Trilogies abound in the fantasy world. With trends in young adult publishing since the success of The Hunger Games, it seems like every new book that comes out is part of a series, particularly in the fantasy genre. That series structure can start to feel obligatory, but it’s helpful to remember that the trilogy accommodates the way we typically tell stories. There are places for the beginning, middle, and end; or if you want to employ the language of three-act story structure, there’s the setup, complications, and climax. Provided that the writer has enough story to justify three books, the trilogy is a reliable format.
As this TV Tropes article suggests, the middle installment of a trilogy is often considered the weak link. It lacks the novelty of the first story and the climactic excitement of the third. Personally, I often like the second part best, such as in The Hunger Games series or The Lord of the Rings films. My reasoning is that second books (or movies) deepen the character development of the first book without being as stubbornly action-focused as the third book. This preference really just reflects my priorities as a reader and viewer.
Juliet Marillier, my favorite fantasy author, is no stranger to the trilogy. Although she expanded her Sevenwaters Trilogy into a six-book series, I like to think of them as two connected trilogies. The original trilogy follows three generations of the family at Sevenwaters, while the additional three books are narrated by three sisters from the same family. True to form, my favorite book in the original trilogy is the second. However, all of Marillier’s books contain engrossing standalone stories, perhaps with the same antagonist appearing in multiple books or repercussions from the previous book driving the plot of the current story. It should be noted that these are adult fantasy novels with a high level of narrative complexity.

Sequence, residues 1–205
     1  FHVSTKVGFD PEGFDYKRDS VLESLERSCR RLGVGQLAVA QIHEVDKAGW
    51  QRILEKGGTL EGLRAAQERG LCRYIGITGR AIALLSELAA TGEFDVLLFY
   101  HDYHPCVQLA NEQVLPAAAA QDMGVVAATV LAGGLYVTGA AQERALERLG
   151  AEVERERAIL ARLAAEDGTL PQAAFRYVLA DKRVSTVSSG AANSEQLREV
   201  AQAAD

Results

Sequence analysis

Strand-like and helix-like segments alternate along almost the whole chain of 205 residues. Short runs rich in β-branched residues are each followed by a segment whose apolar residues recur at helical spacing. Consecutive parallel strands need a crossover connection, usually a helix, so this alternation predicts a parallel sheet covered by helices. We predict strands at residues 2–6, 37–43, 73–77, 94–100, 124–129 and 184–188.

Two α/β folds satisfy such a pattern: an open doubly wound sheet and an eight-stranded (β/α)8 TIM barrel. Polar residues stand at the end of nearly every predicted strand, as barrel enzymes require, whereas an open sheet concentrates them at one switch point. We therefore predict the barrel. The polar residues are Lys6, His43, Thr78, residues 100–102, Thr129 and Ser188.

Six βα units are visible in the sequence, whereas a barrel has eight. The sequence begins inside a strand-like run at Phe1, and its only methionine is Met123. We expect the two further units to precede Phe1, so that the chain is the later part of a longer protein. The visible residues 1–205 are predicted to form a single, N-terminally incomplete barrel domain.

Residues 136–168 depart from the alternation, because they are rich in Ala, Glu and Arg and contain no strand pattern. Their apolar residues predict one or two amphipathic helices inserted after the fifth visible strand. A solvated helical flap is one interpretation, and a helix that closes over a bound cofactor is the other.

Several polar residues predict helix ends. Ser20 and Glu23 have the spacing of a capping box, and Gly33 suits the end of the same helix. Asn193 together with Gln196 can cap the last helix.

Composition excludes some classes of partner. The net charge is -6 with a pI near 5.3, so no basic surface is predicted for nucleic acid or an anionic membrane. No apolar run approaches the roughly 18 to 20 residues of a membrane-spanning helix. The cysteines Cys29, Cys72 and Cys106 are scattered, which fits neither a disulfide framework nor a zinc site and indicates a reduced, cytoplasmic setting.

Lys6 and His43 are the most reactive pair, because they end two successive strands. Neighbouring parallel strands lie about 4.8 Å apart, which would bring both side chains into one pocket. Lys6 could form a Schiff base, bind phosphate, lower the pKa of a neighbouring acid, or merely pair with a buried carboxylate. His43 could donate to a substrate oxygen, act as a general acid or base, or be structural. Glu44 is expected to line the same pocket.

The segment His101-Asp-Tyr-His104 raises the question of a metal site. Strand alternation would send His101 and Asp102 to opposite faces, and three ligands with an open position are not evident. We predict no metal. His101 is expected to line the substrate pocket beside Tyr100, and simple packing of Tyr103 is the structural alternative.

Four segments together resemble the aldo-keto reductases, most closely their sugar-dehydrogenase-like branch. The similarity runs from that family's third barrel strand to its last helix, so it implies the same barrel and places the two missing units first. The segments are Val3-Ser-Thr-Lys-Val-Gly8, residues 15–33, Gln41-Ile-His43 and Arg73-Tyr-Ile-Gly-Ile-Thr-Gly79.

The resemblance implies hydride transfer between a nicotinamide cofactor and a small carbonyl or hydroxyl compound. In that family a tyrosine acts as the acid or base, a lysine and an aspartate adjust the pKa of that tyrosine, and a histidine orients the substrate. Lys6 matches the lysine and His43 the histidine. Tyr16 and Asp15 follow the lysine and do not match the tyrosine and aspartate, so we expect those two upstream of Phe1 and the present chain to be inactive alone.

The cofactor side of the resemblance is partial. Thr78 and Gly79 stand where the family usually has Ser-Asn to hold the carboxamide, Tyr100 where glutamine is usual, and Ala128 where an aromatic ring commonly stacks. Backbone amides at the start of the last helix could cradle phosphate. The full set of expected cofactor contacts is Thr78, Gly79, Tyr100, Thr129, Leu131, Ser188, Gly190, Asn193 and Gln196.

In her most recent young adult series, Marillier uses a more traditional version of the trilogy structure. The three Shadowfell novels have a common narrator who, along with a cast of secondary characters, is working toward one large goal. Neryn was born with the uncanny ability to communicate with the Good Folk (magical beings), but such powers are forbidden by the king. Although I enjoyed Shadowfell, the first installment, I didn’t read the second book until this fall. It wasn’t until Raven Flight that I really felt invested in the series.
That fact would fit in nicely with my “second book, best book” theory. Raven Flight raises the stakes by connecting Neryn to an underground rebel movement and fleshes out several secondary characters. However, the Shadowfell series turns out to be an exception to my rule because the third book was my favorite. The Caller continues the quest begun in Raven Flight, but plans go awry enough to keep the reader guessing. There are also more moments with Flint, a rebel spy in the midst of the king’s court, who is almost surely a more interesting character than Neryn. I was well-satisfied by how all the parts came together. Some of the typical Juliet Marillier story elements are present, but remixed in a way that should please fans, not bore them.
I’ve been having a really good year in the young adult reading department. The Best of 2014 will be here before I know it, and there will be more than enough contenders for the top ten. Not that I’m complaining!